It was potentially going to be one of the biggest walls I've climbed as well as maybe the biggest thing I've jumped off of. The emptiness and remoteness of being out there is something that I long for. Even though I am in the public's eye a lot, that's kind of in a secondary way, because what I'm always trying to do is just be closer to nature and to be more alone or just with a small group of friends. So it was really intriguing for me to go up Mount Bute with just a few friends and try to do the first free climb of it as a team. A lot of people confuse free climbing with free solo. Free climbing is when we use ropes, but we only make upward progress with our bodies. And so we climbed the first free ascent of Mount Bute as a team, and then figured out a way for me to fly off the wall.
When you're standing on a cliff like at Mount Bute and are about to fly off, what's going through your mind?
The moment before I jump is filled with anxiety and what-ifs. But then as soon as I enter the air, I'm filled with this calmness and that's the main attraction to it. That's why I do these death-consequence pursuits or arts. It's not cause I'm an adrenaline junkie, or Evel Knievel — I kind of cringe at both of those words — it's because by doing these things our perceptions become heightened and we sense and feel emotions and see and hear and touch and feel more deeply than ever before. That's the real hook for me.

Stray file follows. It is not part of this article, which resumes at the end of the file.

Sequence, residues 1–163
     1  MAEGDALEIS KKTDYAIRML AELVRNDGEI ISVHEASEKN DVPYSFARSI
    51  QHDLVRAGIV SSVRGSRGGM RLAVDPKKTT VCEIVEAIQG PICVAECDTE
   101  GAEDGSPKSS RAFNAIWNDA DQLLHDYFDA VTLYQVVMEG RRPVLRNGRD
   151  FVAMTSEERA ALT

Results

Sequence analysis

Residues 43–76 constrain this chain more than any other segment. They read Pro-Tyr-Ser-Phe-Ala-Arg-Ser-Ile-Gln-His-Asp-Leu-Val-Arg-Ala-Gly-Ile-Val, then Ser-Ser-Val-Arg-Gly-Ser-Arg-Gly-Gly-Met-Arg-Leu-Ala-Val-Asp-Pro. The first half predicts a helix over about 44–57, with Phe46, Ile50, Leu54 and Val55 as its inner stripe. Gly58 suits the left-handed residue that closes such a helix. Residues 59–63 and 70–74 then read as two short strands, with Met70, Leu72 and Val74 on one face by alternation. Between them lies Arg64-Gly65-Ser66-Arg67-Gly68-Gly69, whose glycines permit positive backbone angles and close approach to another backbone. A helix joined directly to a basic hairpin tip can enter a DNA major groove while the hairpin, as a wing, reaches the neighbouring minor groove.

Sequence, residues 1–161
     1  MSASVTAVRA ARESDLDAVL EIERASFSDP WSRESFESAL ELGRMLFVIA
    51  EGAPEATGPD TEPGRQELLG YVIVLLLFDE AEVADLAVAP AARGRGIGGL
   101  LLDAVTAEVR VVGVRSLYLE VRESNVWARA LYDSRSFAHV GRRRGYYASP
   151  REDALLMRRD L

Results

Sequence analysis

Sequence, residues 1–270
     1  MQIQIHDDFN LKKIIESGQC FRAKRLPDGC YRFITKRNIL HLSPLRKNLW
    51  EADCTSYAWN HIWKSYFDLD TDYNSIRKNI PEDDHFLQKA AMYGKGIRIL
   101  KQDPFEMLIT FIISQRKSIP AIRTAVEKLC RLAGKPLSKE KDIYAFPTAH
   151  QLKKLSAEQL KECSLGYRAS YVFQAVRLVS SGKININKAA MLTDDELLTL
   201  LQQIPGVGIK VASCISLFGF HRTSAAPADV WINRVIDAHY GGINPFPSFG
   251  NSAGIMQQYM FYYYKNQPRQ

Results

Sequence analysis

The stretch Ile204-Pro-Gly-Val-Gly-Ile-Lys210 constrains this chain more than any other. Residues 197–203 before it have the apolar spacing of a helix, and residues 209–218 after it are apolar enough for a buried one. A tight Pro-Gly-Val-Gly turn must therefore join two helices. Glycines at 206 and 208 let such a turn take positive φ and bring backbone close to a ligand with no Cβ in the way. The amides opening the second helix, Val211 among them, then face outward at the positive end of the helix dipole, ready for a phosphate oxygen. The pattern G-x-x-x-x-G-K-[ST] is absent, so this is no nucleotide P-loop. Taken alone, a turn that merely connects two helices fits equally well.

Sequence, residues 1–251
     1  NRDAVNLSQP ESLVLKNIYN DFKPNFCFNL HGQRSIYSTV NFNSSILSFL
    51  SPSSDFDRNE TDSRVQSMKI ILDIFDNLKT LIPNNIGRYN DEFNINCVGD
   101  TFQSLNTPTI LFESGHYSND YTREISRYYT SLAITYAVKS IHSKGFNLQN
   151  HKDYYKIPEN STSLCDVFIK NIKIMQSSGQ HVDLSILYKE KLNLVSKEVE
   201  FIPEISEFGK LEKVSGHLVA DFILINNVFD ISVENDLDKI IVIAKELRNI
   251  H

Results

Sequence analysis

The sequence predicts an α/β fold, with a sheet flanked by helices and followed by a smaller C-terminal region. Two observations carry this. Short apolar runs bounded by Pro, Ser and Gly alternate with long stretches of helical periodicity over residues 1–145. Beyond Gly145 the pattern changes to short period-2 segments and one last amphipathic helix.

What's a successful flight to you?
Any flight or any experience in life where I have fun — and I don't get injured. I don't have a lot of pressure on myself to be successful. I'm more of an artist. I just try to make myself more a part of the most beautiful painting as possible. And enjoy it.
Since our site is OurAmazingPlanet, what's your favorite "amazing" thing about planet Earth?
I just love any place that I can sit in the sun and feel the warmth of the sun's rays, and feel the connection to the planet, really tapping into how small I am and really how insignificant I am in comparison to the universe.
You can follow OurAmazingPlanet staff writer Brett Israel on Twitter: @btisrael. Follow OurAmazingPlanet for the latest in Earth science and exploration news on Twitter @OAPlanet and on Facebook.